After having received the permission of this Court to file briefs which exceed by several times the length generally permitted by the Rules of Appellate Procedure, N.M.R. Civ. App. 9(k)(4), N.M.S.A. 1978, GAC and United resorted to the practice of adding additional argumentative material in a device called an appendix, without requesting or receiving permission from this Court. N.M.R. Civ. App. 9(b) and (k)(4). In addition to argument, the parties inserted other material from outside the record in these appendices, including a newspaper article and correspondence, contrary to the rules, N.M.R. Civ. App. 9(b), and to prior decisions of the Court. General Services Corp. v. Board of Com'rs, 75 N.M. 550, 552, 408 P.2d 51, 53 (1965); Porter v. Robert Porter & Sons, Inc., 68 N.M. 97, 101, 359 P.2d 134, 137 (1961). These we have also ignored.

Although the briefs of all three parties are articulate forensic efforts, each, in one form or another, has failed to fully comply with the rules of this Court. Neither the significance of the issues involved nor the magnitude of the dollars at stake excuses noncompliance with those rules. We take this opportunity to serve warning on the bar that this Court fully expects compliance with its rules of procedure in general and its specific orders in particular, and will not hesitate to impose the sanctions provided for in N.M.R. Civ. App. 31, N.M.S.A. 1978, in order to secure adherence to the rules and to our orders.

I.

FACTUAL BACKGROUND

To understand the issues in this appeal we must begin with a more detailed factual summary than is usual. Many entities have interacted to create the conditions from which this case arose.

A.

THE GULF URANIUM ORGANIZATION

The principal contract at issue here was entered into by Gulf and United. GAC's predecessor was at one time a wholly-owned subsidiary of Gulf. Most of United's allegations against GAC involve alleged wrongdoing by Gulf. Therefore, an understanding of the issues on appeal must begin with a background of Gulf's activities in the uranium market.

In 1967, Gulf entered the uranium business by purchasing a subsidiary of General Dynamics known as General Atomic. General Atomic, which was a manufacturer of nuclear reactors, was renamed Gulf General Atomic and was operated as a subsidiary of Gulf located in San Diego, California.

In 1970, Gulf formed a new division, called Gulf Energy and Environmental Systems (Gulf Energy). Gulf General Atomic became a part of Gulf Energy. Gulf Energy was the Gulf entity involved in the marketing of uranium and the manufacture of nuclear reactors. Gulf was the only manufacturer in the United States of high temperature gas cooled reactors.

Beginning in 1967, Gulf undertook the exploration and development of uranium ore bearing properties. A Gulf division located in Denver, Gulf Minerals Resources Company (Gulf Minerals), was charged with this, the production end, of Gulf's uranium business. One of Gulf's first substantial uranium discoveries was made in 1967 in the Rabbit Lake area of Canada. Another wholly-owned Gulf subsidiary, Gulf Minerals Canada Limited (Gulf Canada), was responsible for the development of the Rabbit Lake uranium project. Gulf Minerals had administrative responsibility in the Gulf organization for Gulf Canada's operations.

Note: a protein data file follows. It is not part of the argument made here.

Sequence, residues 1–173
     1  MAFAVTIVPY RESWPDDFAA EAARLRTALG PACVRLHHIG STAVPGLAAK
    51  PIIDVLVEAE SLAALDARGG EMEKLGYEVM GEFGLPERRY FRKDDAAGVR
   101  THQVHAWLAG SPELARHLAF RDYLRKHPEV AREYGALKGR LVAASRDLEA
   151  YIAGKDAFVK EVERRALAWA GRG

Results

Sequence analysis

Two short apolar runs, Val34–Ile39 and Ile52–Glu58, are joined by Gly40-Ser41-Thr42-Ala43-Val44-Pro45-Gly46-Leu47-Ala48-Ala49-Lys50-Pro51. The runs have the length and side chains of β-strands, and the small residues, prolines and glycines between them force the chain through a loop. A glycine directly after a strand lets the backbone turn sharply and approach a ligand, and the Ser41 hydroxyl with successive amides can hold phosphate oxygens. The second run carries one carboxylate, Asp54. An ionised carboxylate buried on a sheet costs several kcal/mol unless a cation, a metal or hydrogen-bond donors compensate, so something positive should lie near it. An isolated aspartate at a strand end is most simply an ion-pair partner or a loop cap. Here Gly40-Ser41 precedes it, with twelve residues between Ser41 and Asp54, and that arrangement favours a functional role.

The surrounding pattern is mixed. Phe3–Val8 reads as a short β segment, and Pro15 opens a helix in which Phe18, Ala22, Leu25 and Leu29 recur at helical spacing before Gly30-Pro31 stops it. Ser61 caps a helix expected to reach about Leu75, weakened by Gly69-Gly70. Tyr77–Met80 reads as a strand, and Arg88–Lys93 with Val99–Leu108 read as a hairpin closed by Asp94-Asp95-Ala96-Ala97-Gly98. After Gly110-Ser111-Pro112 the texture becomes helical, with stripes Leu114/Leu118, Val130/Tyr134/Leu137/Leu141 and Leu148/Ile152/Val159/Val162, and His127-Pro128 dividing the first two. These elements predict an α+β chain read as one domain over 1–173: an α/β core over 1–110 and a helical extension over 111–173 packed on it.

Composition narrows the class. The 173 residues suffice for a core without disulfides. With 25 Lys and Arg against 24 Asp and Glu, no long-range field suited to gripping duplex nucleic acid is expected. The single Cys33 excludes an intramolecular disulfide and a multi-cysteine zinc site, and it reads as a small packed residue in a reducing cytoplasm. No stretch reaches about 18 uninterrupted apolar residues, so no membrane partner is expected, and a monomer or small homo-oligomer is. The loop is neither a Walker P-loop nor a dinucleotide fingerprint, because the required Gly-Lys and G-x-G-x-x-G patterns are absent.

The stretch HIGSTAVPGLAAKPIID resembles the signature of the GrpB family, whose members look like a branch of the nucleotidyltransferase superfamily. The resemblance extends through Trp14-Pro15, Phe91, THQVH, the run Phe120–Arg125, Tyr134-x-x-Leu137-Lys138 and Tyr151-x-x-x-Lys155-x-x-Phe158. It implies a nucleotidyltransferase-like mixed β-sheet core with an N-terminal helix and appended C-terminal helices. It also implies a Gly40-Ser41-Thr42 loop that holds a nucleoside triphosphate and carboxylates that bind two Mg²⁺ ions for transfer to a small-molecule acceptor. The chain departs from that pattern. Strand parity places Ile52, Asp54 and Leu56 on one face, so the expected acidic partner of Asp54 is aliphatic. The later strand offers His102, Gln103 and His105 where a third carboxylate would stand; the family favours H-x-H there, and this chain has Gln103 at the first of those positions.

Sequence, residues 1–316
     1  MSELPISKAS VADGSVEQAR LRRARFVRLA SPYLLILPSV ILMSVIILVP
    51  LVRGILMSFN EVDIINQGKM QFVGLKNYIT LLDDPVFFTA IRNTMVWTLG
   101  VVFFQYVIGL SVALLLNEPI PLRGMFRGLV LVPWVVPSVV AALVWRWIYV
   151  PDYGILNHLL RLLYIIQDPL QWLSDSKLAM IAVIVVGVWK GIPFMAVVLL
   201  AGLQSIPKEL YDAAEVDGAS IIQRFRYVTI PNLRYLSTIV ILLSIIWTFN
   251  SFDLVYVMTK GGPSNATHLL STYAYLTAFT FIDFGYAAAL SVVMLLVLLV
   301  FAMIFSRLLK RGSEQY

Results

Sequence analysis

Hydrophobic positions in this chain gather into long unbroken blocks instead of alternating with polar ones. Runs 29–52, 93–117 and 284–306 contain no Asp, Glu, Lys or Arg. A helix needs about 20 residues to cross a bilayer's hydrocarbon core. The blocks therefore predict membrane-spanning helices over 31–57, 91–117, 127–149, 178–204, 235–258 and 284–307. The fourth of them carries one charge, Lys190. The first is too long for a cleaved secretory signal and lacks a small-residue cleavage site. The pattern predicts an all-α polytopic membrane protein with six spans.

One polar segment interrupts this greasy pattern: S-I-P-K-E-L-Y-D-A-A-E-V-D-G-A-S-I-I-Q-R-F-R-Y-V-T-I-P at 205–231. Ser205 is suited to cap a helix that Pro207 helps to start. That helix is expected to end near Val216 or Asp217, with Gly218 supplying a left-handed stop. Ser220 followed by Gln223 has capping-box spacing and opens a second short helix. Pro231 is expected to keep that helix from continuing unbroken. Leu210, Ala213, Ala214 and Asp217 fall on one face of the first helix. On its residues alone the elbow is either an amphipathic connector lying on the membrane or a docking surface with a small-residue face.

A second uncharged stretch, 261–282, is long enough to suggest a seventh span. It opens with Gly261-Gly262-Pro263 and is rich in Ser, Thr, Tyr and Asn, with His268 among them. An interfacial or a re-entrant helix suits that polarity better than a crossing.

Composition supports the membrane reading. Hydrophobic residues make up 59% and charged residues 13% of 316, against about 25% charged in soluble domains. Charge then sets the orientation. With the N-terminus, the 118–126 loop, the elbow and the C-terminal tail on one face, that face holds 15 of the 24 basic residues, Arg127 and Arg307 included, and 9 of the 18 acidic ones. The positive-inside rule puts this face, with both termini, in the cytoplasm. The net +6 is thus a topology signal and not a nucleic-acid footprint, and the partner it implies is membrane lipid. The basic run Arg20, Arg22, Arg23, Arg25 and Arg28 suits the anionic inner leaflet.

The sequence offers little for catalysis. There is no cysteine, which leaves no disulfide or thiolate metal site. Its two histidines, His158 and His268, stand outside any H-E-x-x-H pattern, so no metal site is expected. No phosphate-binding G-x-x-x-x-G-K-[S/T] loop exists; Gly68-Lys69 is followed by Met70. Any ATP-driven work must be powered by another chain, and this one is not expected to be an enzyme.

The following chart outlines the organization, as of 1971, of those aspects of Gulf's uranium business operations which are essential to an understanding of this case.

NOTE: OPINION CONTAINS TABLE OR OTHER DATA THAT IS NOT VIEWABLE

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Page 240

In addition to its Canadian uranium reserves, Gulf, through Gulf Minerals, began to acquire substantial uranium reserves in the United States. By 1971, it had acquired the Mt. Taylor reserves in New Mexico, which contain the largest body of uranium ore in the United States. Through Gulf Energy, Gulf also began to purchase substantial quantities of uranium on the open market from other uranium producers. Two of such purchase agreements, those Gulf and GAC...

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    ...preemption and conflict preemption. Gade, 505 U.S. at 98, 112 S.Ct. 2374;United Nuclear Corp. v. Gen. Atomic Co., 1980–NMSC–094, ¶ 186, 96 N.M. 155, 629 P.2d 231. Field preemption occurs when “federal law so occupies the field that state courts are prevented from asserting jurisdiction.” St......
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146 cases
  • Partee v. San Diego Chargers Football Co.
    • United States
    • United States State Supreme Court (California)
    • August 29, 1983
    ...and in light of this Court's holdings in Federal Baseball [and] Toolson....' " (United Nuclear Corp. v. General Atomic Co. (N.M.1980) 629 P.2d 231, 273, quoting Flood, supra, 407 U.S. at p. 284, 92 S.Ct. at p. The Chargers argue that we can infer from the citation to Radovich, a football ca......
  • In re New Motor Vehicles Canadian Export Antitrust, No. MDL DOCKET NO. 1532.
    • United States
    • United States District Courts. 1st Circuit. United States District Court (Maine)
    • December 8, 2004
    ...fifty states to pay artificially inflated prices for new automobiles." Pls.' Opp'n at 1. 9. United Nuclear Corp. v. General Atomic Co., 96 N.M. 155, 629 P.2d 231, 270 (1980), does not support the defendants' contention that the reach of the New Mexico antitrust statute is limited to intrast......
  • Tyler Grp. Partners v. Madera, CIV 19-0777 JB/SMV
    • United States
    • United States District Courts. 10th Circuit. District of New Mexico
    • September 30, 2021
    ...bears the burden to prove that all the privilege's elements exist. Cf. United Nuclear Corp. v. Gen. Atomic Co., 1980-NMSC-094, ¶ 267, 96 N.M. 155, 217, 629 P.2d 231, 293 (“The bald assertion that production of the requested information would violate a privilege (provided by law) is not enou......
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    • New Mexico Court of Appeals of New Mexico
    • November 18, 2013
    ...preemption and conflict preemption. Gade, 505 U.S. at 98, 112 S.Ct. 2374;United Nuclear Corp. v. Gen. Atomic Co., 1980–NMSC–094, ¶ 186, 96 N.M. 155, 629 P.2d 231. Field preemption occurs when “federal law so occupies the field that state courts are prevented from asserting jurisdiction.” St......